Unlike most fats that you can generally see around your arms, thighs and waist, visceral fat is found in your abdominal cavity. But just because you cannot see this kind of fat does not mean that it can do no harm. Visceral fat, on the contrary, can be one of the most dangerous fats around as it can instigate some serious health problems ranging from diabetes to cancer.
While an excess amount of normal fat is a hazard, visceral fat is particularly dangerous as it is stored in your abdomen and wraps around your organs. Diabetes, heart disease, Alzheimer’s, stroke, and high cholesterol are some of the conditions that are strongly linked to too much fat in your stomach, all of which are serious conditions that can lead to a shorter life span.
The reason why visceral fat is so dangerous is because it is stored in your stomach and produces hormones and inflammatory substances. Long-lasting inflammation can cause plaque to form inside your arteries, which is a major risk factor for heart disease. As plaque increases in your arteries, it can eventually erupt, leading to clots and possibly even complete blockage. If this occurs, you are at a very high risk of a heart attack.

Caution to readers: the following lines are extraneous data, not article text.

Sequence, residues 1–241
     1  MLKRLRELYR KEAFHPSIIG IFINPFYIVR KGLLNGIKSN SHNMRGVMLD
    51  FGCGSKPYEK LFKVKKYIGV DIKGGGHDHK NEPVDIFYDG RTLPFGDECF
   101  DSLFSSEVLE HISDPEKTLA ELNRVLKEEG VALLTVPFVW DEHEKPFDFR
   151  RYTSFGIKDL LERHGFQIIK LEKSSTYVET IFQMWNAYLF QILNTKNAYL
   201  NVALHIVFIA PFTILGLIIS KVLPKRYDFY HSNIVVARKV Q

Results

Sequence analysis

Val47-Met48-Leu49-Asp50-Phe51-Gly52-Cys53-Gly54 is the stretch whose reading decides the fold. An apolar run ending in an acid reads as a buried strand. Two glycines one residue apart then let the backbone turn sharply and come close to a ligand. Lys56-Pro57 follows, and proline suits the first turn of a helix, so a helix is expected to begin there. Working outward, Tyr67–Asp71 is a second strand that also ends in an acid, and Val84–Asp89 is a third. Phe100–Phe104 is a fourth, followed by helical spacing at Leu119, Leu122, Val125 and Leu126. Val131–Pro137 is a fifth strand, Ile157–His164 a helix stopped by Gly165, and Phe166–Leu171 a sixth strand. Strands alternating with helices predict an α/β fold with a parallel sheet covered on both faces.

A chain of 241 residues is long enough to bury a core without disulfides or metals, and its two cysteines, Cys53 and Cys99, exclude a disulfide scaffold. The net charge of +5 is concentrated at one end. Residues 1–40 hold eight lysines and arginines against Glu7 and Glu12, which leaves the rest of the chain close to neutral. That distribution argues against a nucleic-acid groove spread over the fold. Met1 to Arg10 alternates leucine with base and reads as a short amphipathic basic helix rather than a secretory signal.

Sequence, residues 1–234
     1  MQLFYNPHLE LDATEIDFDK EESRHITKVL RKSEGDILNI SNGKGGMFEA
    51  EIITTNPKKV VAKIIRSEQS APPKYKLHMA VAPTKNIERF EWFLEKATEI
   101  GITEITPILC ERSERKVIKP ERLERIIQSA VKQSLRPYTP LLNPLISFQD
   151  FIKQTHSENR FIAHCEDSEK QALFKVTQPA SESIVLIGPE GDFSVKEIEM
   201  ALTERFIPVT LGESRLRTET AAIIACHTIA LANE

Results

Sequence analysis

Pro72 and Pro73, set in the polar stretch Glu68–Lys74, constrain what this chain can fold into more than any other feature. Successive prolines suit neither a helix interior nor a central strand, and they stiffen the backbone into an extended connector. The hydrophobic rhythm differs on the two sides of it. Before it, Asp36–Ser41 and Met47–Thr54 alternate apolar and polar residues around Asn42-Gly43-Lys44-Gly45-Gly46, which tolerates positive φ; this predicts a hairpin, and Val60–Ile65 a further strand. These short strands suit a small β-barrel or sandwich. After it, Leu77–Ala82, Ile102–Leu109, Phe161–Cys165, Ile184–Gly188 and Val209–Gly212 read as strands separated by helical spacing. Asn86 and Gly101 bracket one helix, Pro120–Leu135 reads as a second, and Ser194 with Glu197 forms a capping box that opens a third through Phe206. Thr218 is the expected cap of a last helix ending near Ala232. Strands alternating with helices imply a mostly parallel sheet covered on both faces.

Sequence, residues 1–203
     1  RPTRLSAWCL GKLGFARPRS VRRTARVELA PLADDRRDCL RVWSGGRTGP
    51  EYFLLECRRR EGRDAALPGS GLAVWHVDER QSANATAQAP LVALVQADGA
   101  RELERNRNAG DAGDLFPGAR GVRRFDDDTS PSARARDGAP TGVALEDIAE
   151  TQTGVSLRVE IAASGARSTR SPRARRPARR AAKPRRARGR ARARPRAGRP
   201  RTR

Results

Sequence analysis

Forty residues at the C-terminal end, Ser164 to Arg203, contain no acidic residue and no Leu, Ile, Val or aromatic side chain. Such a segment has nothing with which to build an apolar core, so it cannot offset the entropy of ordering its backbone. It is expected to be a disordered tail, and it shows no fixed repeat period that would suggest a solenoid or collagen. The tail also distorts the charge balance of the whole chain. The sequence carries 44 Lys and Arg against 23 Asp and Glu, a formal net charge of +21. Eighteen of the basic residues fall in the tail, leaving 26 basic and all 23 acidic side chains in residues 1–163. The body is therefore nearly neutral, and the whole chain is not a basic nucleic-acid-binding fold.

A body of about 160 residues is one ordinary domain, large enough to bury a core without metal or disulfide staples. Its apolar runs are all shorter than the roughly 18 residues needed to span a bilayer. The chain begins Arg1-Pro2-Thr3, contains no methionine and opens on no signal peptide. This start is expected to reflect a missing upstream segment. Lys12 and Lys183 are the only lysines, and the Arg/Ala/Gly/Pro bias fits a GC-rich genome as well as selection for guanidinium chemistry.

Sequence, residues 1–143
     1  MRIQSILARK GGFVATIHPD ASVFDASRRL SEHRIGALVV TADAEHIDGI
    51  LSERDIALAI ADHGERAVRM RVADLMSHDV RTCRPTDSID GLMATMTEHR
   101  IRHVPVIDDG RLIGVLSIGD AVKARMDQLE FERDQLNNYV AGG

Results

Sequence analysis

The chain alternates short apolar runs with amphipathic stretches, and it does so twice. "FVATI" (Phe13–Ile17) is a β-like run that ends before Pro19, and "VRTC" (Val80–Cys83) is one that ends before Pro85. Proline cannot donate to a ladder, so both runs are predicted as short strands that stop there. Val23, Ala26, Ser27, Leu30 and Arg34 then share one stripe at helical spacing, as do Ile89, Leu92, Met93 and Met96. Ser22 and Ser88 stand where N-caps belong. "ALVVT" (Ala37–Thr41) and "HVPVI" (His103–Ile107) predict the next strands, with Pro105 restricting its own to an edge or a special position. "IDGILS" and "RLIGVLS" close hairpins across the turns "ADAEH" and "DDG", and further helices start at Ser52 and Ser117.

Another reason why visceral fat is so dangerous is because it can carry fatty acids to your liver, creating a buildup of fat that can lead to type 2 diabetes, which will lead to a lifetime of regulating your blood sugar level.
If you are concerned about visceral fat, there are accurate tests your doctor can run such as an MRI. When an MRI is taken, the doctor will look at your visceral fat level which can range from 1 to 59. If you are above a 13, serious changes need to be considered to better manage your health. As an earlier and less expensive option, your visceral fat can be estimated by measuring your body fat percentage and waist measurement. A woman whose waist measures 35 inches or more is likely to have excess visceral fat, and a man whose waist measurement is 40 inches or more is linked to high visceral fat.
On the bright side, visceral fat is not permanent. You can get rid of the dangers it can cause by paying attention to your diet and exercise, just like any other fat. Introducing a low-carb diet is one of the first steps you should take when considering your visceral fat. Similarly, a ketogenic diet is a popular diet that will lead you to reducing visceral fat. Secondly, while reducing your carbs, increase your protein. Foods high in protein such as meat, fish, eggs and nuts can boost your metabolism and promote weight loss and ultimately visceral fat. Plus, you may even find that your good cholesterol has increased. Last, but certainly not least, regular aerobic exercise will certainly contribute to the loss of visceral fat. Cardiovascular exercise such as running, walking, dancing or bicycling will not only help you lose weight, but will also strengthen your heart.